We all dream and wonder over what our babies will look like before they get here. Boy or girl, black or white, blonde or brunette or red haired, it makes little difference: all children are a blessing unto the world, and all deserve to be loved equally.

Yet while that’s true, it’s only natural for us to build an image in our heads regarding our son or daughter’s appearance. Will they inherit their father’s ears? Will they have the same eye color as their mother?

None of us can categorically know for sure how our babies will look, though we can usually take a pretty good guess based on genes that run consistently in the family

In any case, I highly doubt that any of our readers – at least those who are parents – ever had a surprise quite like Angela and Ben Ihegboro, a couple from Nigeria who now live in London, England.

Back in 2010, the happy couple welcomed their third child, a sweet baby girl named Nmachi. Only, when they laid eyes upon her for the first time, they were left totally and positively shocked …

Given that both Angela and Ben Ihegboro are Nigerian and had given birth to two black children, one can barely imagine their surprise when their third child, a little girl they named Nmachi, arrived with blonde hair and blue eyes.

Yes, you read that right. Not only that, but Nmachi was also light-skinned.

Angela shared: “She is beautiful, a miracle baby.”

Even so, the couple were left scratching their heads as to how they could possibly give birth to a baby with Nmachi’s appearance.

The natural elephant in the room was the prospect that Angela had perhaps been unfaithful, but Ben, who reportedly works as a customer advisor, was quick to rule out any such speculation.

He told The Sun newspaper: “Of course she is mine. My wife is true to me. Even if she hadn’t been, the baby still wouldn’t look like that (sic).”

As per the New York Post, Ben said: “The first thing I said was, ‘What the flip?’ We both just sat there after the birth staring at her for ages — not saying anything.”

Yet while Angela and Ben labeled her a miracle baby, genetics experts were able to produce three possible solutions that might explain why Nmachi’s appearances differs so much to that of her parents and siblings.

Four years ago a Nigerian couple, Ben Ihegboro and Angela Ihegboro, experienced a miracle when they gave birth to a white baby. Doctors confirmed that their daughter did not have albinism but they could not explain definitively why she was born with pale skin, blue eyes and blond hair. They had a few genetic theories on how it could be possible but none were conclusive. Miracles do happen! Ladies, what would you do if you gave birth to a child who appeared to be of a different race? What do you think your husband would do? Nature is truly a mystery. #Resilience!Posted by Dr James Makamba on Monday, February 13, 2017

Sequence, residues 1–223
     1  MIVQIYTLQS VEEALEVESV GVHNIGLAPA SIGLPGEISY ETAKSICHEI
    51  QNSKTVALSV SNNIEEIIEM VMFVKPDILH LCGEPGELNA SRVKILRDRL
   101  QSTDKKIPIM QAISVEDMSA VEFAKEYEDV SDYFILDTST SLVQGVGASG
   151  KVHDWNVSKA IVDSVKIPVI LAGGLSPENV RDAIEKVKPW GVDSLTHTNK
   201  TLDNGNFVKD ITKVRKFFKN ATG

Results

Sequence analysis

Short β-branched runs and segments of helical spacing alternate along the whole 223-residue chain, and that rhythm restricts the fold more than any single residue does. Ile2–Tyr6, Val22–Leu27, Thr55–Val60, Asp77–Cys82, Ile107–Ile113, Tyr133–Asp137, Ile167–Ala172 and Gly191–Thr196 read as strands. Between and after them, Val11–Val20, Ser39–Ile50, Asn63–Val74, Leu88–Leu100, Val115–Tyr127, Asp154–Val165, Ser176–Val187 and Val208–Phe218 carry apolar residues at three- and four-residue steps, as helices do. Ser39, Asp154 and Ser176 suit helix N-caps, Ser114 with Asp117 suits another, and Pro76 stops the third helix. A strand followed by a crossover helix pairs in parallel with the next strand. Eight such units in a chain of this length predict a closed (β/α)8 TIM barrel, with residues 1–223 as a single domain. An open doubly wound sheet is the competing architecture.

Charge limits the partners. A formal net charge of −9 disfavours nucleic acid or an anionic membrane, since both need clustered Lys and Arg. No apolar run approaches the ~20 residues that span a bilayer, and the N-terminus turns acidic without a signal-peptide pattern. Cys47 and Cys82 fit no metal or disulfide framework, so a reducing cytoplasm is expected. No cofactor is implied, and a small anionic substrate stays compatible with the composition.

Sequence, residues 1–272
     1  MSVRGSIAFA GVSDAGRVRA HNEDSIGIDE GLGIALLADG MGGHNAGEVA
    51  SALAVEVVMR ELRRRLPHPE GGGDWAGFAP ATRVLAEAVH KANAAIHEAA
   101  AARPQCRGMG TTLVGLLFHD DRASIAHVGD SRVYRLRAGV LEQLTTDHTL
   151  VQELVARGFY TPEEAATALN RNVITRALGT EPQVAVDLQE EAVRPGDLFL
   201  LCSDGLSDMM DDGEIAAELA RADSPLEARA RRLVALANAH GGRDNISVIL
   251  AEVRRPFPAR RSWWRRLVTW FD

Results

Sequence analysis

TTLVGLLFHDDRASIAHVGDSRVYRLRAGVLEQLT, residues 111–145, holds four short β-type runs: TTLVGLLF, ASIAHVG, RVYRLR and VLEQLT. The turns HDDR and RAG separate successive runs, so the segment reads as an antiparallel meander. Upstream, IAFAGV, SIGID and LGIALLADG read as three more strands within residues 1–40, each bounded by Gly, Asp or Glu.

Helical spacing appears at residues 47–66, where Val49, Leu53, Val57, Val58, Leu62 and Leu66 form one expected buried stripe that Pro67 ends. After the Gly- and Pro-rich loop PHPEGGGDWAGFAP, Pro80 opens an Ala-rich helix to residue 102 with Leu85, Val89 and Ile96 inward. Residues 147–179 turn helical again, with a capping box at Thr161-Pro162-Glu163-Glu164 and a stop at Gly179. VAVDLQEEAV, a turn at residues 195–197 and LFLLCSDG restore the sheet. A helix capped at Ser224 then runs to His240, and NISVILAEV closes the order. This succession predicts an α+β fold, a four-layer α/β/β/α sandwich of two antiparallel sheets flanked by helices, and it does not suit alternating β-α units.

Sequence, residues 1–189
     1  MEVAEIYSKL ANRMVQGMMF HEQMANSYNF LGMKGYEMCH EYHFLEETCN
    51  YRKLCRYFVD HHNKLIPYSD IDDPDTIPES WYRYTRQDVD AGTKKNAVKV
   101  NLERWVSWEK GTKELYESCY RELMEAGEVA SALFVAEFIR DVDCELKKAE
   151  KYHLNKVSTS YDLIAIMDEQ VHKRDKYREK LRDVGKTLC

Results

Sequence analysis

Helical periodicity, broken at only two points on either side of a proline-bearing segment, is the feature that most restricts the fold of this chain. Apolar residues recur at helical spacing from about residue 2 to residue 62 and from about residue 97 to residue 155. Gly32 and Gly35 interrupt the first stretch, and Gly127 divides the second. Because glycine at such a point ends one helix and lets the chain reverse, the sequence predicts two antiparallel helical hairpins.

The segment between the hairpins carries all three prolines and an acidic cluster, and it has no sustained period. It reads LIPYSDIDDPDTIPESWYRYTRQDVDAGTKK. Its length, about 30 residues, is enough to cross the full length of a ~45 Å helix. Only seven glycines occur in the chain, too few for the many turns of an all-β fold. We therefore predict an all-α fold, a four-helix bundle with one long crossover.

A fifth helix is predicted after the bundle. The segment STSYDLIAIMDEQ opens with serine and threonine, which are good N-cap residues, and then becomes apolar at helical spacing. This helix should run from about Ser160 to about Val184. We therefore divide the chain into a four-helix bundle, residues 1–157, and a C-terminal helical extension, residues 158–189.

The first theory was based on the idea that Nmachi had a gene mutation completely unique to her. If that’s the case, she could pass said gene on to her own children, who would also be white.

Another theory was that either Angela and Ben have dormant white genes passed down from their ancestors, and that they simply hadn’t surfaced for generations until Nmachi’s birth. Doctors reportedly suggested that the parents could harbor long-dormant Caucasian DNA from an interracial coupling somewhere in their history.

And then there’s the third possibility that was presented to Angela and Ben: that Nmachi might have a mutated variant of albinism. If this is the case, her skin may darken over time, though her father wasn’t convinced about this theory.

“She doesn’t look like an albino child anyway,” Ben said.

“Not like the ones I have seen back in Nigeria or in books. She just looks like a healthy white baby.”

In any case, I think we can all agree that the most important thing is that Nmachi was born into a family who will love and treasure her as all children should be loved and treasured.

Share this article on Facebook if you were left surprised/amazed like we were.

Here’s to wishing this family all the very best in the future.